“They Shall Have Music” (1939) is an odd but endearing mixture of juvenile delinquency drama and classical music. It’s a Samuel Goldwyn production and watching it, one can see the footprints of two 1937 films, his own production of “Dead End” and Universal’s monster hit “100 Men and a Girl.”
“Dead End” had been a huge hit for Goldwyn, and he was eager to replicate its success. Ever since his big budget musical smorgasbord “The Goldwyn Follies” (1938), Goldwyn had wanted to put the violinist Jascha Heifetz, considered one of the century’s finest musicians, in the movies, but couldn’t find the right project.
I’m just surmising here, but I wouldn’t be surprised if Goldwyn examined the grosses of “100 Men and a Girl”, which deals with Deanna Durbin and her ceaseless attempts to have Leopold Stokowski conduct an orchestra of musicians put out of work by the Depression. What could work for Stokowski could easily work for Heifetz.
Put Heifetz in a slum setting with underprivileged youth, include lots of classical music and watch the profits roll in.
Alas, “They Shall Have Music” was roasted by the critics and proved one of Goldwyn’s biggest bombs. It’s schmaltz, to be sure, but the music is wonderful and like so many movies of the era, it moves along and there’s lots of memorable sequences to make this well worth watching.
The film is centered on a music school for slum children, run by Professor Lawson (Walter Brennan) and his daughter Ann (Andrea Leeds, one year before her self-imposed retirement from films). The school is constantly scraping for money, and is continually one step ahead of the creditors, especially Mr. Flowers (Porter Hall, at his most obnoxious).
Frankie (Gene Reynolds) is basically a good kid who discovers the power of music when he finds some discarded tickets to a Heifetz concert. Thinking Heifetz is some sort of magician, instead he’s transfixed by the sight and sound of Heifetz performing the “Introduction and Rondo Capriccioso” by Saint-Saens. For those of us who are film music fans, we get the added pleasure of seeing Alfred Newman play the conductor in this piece, and he looks very natty in his white-trousered conductor threads.
Frankie finds a violin in his basement and takes lesson at the Lawson’s school. But the school is on the brink of foreclosure, and Frankie hatches the idea of having Heifetz perform at the school’s concert. With the determination of Deanna Durbin stalking Stokowski, Frankie, through a series of adventures, attracts the attention of Heifetz to the concert.
Playing a similar idealistic role in “Dead End” Joel McCrea is back as the love interest to Ann. I’m very fond of Joel McCrea, but this may be one of his most colorless roles. He can’t do a thing with it, and it’s not his fault.
Marjorie Main plays Frankie’s mom, and she’s a far different mother than her shattering scene in “Dead End.” Frankie runs away from his abusive father, but his mom is very supportive of her son.
Porter Hall is at his most despicable here, even more so than shooting Gary Cooper’s Wild Bill Hickok in the back in “The Plainsman” (1936). In “They Shall Have Music” Hall tries to take back the kid’s instruments, even as they are onstage for the concert! He doesn’t even wait for the concert to be over. The scenes leading up to the concert are very entertaining, as the neighborhood mothers stand firm in front of the school’s entrance, blocking the police and re-possessors from entering the building.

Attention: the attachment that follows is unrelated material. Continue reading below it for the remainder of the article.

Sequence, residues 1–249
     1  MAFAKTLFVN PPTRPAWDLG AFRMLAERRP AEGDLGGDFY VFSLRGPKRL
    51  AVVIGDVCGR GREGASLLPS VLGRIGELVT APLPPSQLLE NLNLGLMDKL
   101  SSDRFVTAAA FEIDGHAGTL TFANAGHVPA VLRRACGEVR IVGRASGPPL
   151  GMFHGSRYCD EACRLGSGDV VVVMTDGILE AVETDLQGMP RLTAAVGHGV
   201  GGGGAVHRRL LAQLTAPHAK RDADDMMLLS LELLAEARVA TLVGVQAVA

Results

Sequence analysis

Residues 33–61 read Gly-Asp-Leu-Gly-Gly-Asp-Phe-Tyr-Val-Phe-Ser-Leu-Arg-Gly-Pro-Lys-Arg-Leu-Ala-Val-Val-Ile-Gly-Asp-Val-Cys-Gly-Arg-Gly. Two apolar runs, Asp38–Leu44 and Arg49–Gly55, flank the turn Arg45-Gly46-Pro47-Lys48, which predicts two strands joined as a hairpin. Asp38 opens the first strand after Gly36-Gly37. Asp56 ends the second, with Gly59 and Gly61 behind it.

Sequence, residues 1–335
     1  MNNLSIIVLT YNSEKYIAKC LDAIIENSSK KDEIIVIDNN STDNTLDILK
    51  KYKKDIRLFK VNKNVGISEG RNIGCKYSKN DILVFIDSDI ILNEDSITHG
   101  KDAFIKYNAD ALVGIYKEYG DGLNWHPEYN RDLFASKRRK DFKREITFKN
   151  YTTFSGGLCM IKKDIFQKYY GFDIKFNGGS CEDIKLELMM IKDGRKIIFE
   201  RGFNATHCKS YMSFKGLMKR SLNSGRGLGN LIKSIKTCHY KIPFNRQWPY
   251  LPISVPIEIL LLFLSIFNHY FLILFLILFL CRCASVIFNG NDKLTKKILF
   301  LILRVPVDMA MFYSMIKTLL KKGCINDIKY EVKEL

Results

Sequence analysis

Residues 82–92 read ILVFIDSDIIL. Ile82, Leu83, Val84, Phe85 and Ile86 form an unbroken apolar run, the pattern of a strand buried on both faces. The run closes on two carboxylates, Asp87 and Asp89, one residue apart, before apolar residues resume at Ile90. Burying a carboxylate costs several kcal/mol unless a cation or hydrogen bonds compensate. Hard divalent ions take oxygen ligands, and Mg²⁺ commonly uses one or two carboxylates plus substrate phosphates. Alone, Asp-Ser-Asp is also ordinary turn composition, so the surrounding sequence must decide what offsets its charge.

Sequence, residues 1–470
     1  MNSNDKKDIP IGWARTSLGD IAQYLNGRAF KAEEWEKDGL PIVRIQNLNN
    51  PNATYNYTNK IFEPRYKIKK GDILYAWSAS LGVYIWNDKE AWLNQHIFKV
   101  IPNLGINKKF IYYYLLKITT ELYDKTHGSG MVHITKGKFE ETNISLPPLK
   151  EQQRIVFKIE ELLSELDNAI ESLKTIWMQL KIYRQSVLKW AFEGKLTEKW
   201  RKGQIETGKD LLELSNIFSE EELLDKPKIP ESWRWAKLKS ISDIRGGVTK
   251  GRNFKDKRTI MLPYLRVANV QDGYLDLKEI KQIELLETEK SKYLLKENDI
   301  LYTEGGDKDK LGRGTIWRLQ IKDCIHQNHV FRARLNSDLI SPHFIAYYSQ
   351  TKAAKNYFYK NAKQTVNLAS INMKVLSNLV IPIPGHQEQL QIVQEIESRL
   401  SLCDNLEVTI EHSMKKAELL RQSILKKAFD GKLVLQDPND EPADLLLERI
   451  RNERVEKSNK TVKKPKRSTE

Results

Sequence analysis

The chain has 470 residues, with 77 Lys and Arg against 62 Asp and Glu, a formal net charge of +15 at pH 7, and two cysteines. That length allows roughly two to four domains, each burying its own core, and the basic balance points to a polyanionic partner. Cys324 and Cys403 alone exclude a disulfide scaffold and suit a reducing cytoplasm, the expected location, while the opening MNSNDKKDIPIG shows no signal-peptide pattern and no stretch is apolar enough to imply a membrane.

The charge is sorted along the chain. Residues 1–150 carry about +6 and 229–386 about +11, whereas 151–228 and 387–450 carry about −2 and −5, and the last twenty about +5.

For Heifetz fans, the film is a joy. He gets five solos in the film, and it’s a pleasure to watch a film like this with minimal cutting so we can concentrate on the music. The finale finds him performing the final movement of the Mendelssohn Violin Concerto accompanied by the school orchestra. Said orchestra members are played by The Pete Meremblum California Junior Symphony Orchestra, a group made up of young musicians. I have a dim memory of reading somewhere that, outside of his film duties, Alfred Newman was one of the orchestra’s conductors, but I can’t find the citation in any of my books. .
Heifetz was no stranger to Hollywood. An earlier Hollywood connection was his 1928 marriage to actress Florence Vidor, ex-wife of the director King Vidor. Later, on he would commission glorious violin concertos from Erich Wolfgang Korngold and Miklos Rozsa.
Alfred Newman was nominated for his music director duties here in the Best Score category. It was one of Newman’s four nominations that year. His other nomination in the Best Score category was for “The Hunchback of Notre Dame” and in the Best Original Score category he was nominated for “The Rains Came” and “Wuthering Heights.”
I think the Best Score category was for scores that were adaptations of pre-existing music, but that doesn’t explain the nomination for the Hunchback or Korngold’s nomination for “The Private Lives of Elizabeth and Essex”, both of which are substantially original scores. To further muddy the waters, Aaron Copland’s score for “Of Mice and Men” was nominated twice, once in both categories. Strange are the ways of the Academy Awards. (Newman lost that year to “Stagecoach” in the Best Score category).
I watched “They Shall Have Music” on a VHS tape, and with the news that the Samuel Goldwyn film catalog will be released on DVD and Blu Ray next year, this film may be one I would gladly update for. It’s corny, to be sure, but its heart is in the right place and the music can’t be beat. Just lower your expectations if you’re a Joel McCrea fan.